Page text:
The detached student is like an iceberg floating in the ocean. He or she presents a chilly exterior, keeping much hidden from view, even from those who would help them.
Alfie was one such student. He was 13 when he first came to the school. He experienced a range of problems, many of which seemed to relate back to the enormous difficulty he seemed to experience in getting to school on time in the morning. School staff tried positive reinforcement and various punishments to no avail. There was a shared sense among staff that they were just not getting through to Alfie. He was an enigma. Punishment and rewards were met with the same blank indifference. It wasn’t that Alfie was defiant or aggressive; he was simply unresponsive. The staff were exasperated but determined not to give up. Sooner or later they would make a breakthrough—they hoped. Eventually their patience paid off.
For want of anything better, a pattern had emerged whereby, when he was late for school, Alfie was required to spend his morning break in detention with a senior member of staff, in the member of staffs office. One of the purposes of these detentions was to work with Alfie on the development of a plan of action to deal with the lateness problem. It was during one of these detentions when the member of staff was surprised at a sudden breach in Alfie’s wall of apathy.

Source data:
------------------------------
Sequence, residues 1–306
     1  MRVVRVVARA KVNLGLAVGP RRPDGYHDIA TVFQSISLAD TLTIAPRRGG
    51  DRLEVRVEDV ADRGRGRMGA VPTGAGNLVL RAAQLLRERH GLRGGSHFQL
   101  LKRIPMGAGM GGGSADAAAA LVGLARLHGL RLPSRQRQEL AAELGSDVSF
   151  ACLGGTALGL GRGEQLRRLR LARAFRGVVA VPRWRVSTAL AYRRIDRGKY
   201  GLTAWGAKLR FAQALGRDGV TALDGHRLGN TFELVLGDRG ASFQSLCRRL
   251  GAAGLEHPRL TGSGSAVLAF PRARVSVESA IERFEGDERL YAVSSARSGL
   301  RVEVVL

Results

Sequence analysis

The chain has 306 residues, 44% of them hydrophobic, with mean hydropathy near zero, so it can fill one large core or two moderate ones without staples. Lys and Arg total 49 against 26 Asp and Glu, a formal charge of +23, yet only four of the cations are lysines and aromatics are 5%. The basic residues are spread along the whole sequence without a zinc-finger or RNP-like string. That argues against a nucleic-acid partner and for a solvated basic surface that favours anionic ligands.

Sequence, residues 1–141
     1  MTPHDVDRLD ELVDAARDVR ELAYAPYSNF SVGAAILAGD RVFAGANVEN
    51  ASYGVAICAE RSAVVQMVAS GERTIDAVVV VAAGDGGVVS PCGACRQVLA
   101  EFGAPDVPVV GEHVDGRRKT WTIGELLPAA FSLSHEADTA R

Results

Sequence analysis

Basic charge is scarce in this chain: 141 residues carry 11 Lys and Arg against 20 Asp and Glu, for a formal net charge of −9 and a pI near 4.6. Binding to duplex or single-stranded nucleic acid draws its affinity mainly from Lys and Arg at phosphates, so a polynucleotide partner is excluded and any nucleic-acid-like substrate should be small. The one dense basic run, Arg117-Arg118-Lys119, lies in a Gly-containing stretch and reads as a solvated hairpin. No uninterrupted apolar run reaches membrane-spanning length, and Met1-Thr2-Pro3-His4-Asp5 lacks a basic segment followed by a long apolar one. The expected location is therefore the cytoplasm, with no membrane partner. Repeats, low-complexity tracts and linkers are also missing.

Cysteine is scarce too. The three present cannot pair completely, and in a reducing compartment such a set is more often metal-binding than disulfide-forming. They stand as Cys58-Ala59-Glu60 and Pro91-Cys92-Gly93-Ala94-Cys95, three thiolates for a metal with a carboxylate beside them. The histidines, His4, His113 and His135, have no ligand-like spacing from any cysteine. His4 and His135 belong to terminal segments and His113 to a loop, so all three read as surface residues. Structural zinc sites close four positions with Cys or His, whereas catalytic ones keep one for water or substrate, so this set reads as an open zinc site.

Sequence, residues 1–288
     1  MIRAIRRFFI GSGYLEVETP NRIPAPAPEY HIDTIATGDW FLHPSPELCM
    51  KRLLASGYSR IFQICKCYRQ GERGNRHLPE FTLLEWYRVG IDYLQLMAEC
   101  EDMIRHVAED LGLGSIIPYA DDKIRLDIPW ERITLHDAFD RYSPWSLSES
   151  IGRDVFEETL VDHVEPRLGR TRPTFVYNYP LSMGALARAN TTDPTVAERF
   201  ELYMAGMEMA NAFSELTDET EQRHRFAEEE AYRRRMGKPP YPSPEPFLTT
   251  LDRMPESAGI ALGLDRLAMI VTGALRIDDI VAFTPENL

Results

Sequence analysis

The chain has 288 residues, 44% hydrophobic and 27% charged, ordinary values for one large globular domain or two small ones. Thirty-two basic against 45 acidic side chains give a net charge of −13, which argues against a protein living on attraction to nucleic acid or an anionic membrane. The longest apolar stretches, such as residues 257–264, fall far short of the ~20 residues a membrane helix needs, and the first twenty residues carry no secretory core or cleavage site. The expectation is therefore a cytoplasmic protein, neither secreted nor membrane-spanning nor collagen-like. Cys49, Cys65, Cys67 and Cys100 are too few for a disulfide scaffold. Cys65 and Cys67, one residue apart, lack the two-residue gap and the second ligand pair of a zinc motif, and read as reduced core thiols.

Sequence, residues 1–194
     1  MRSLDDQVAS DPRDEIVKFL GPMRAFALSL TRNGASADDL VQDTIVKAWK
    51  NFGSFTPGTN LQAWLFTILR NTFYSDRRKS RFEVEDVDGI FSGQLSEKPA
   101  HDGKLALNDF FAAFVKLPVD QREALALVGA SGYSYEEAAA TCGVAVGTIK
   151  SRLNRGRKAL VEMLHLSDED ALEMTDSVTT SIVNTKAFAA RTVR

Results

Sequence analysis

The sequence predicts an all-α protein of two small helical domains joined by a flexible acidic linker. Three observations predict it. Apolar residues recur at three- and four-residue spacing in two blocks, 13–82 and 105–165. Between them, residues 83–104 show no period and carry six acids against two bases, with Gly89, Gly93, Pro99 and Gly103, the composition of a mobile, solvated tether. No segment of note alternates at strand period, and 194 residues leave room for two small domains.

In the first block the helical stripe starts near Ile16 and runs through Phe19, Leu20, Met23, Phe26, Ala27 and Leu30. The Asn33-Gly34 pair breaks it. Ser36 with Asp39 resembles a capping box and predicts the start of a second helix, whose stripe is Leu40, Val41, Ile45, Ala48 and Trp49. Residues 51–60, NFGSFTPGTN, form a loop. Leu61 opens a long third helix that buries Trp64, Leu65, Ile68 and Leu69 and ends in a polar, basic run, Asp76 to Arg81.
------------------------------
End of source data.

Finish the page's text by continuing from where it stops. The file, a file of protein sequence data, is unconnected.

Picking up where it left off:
The cause of this event was a country and western song that happened to be playing in the office on this occasion. Alfie groaned, saying: ‘I hate this music!’ His animated disgust did not subside until the offending song had finished. From this point on country and western CDs became part of the staff member’s office equipment and when Alfie was late, he spent his breaktime in the room to the sound of Garth Brooks, and similar country and western heroes. When it was suggested that the detention might be extended to compulsory attendance at line-dancing classes after school, Alfie was very rarely late again.